As the VP of Development and Marketing at a large environmental organization, Matt is always thinking ahead.

He told me that recently, over and over, people keep telling him he “needs to move to Salesforce.” People he trusts from small and large organizations are telling him this.

Matt had no plans to move to a new CRM, but he’s starting to feel like he’s missing something. He doesn’t want to be left behind.

Does he need to move to Salesforce? Do YOU need to move to Salesforce?

There are four things you need to know in order to make this decision with eyes wide open…


Salesforce is Everywhere!

Before I reveal the four things, let me first make sure we all know the general gist about Salesforce.

Now, it’s quite likely (unless you’ve been living in a cave for the past few years) that you’ve heard about Salesforce. A lot.

As a leading CRM (Constituent/Customer Relationship Management system), it’s a platform that serves both the for-profit and nonprofit markets. Your mom might use it at her realtor office, and your college roomie might use it in her role as a new business manager. It’s no wonder Matt is hearing a ton of buzz.

Salesforce can be a fantastic fit for nonprofit organizations:

  • There’s a special version of the CRM called The Nonprofit Success Pack. It’s got a basic configuration that provides a good starting point for common nonprofit database needs.
  • The Salesforce Foundation donates ten free “Enterprise” licenses to qualifying nonprofits. That gives you the rights to use the software with up to ten ‘seats’ at no cost.
  • With an enormous community of Salesforce-integrated applications out there, you’ve got a lot of options when it comes to extending its core functionality.
  • Many of the tools you use now (MailChimp, PayPal, Event Brite) can connect to Salesforce, so your data can easily flow between different systems.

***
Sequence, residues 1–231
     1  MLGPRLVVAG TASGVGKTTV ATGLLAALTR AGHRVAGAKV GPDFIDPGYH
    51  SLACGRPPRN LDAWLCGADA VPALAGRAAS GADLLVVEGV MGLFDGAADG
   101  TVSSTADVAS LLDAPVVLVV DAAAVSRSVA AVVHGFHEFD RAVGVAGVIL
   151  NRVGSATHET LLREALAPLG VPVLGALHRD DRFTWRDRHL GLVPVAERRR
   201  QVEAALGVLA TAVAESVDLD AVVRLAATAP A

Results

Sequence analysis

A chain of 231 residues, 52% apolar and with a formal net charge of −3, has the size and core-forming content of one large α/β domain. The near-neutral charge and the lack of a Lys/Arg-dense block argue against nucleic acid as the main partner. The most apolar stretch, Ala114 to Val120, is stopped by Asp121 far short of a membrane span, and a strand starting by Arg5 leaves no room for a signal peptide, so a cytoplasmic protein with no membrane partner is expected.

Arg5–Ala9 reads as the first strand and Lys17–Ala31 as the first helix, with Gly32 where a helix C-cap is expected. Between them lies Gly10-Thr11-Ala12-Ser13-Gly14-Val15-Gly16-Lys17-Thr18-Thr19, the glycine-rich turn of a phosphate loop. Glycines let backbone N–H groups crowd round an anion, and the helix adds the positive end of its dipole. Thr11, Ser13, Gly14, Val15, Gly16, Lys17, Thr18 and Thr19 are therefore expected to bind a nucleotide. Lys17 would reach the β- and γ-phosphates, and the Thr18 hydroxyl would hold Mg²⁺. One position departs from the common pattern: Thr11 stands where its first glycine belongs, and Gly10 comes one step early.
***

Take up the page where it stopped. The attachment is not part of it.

This all sounds pretty darn sweet to nonprofit leaders who are looking for good products that won’t break the bank. Plus, their annual conference, Dreamforce, is a killer combo of learning, networking, and parties. U2 played Dreamforce 2016! What’s not to love and where do I sign?


Is There a Downside to Salesforce?

In truth, there really is a lot to love about Salesforce.

If your organization and team have a clear view of everything that goes into configuring and using it, there’s not much downside. After using Salesforce myself for years as a business owner, I can confidently state that it’s a great CRM.

The advice I gave to Matt was this: There is as much to consider about implementing Salesforce as there is to love about it. And in my experience, nonprofit leaders hear the word “free” and they go all in – only to wake up six months later with empty pockets, a massive headache, and confetti in their hair.

If they had known about the four most important – and least obvious – realities about Salesforce, they still might have picked it as their new CRM, but their experience would have been completely different.

Luckily for you (and Matt) I’m sharing them today.

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The 4 Things to Consider Before Moving to Salesforce

1) It’s Not Exactly Free

Although the Salesforce Foundation gives qualifying nonprofits those ten free licenses, there are many different types of licenses. Ten licenses may seem like more than enough if you’ve got a small team, but you should be prepared for them to be gobbled up quickly. Your implementation team and integrated apps need licenses too, potentially leaving you with monthly fees if you go over.

Another thing that can add to the monthly cost is data storage fees. Most organizations blow past the initial storage limits (1GB data storage and 10GB file storage for the Professional and Enterprise plans). It’s likely that you’ll need to buy more storage from Salesforce (data storage blocks of 500MB are sold at $125/month, with file storage running $5/month for 1GB).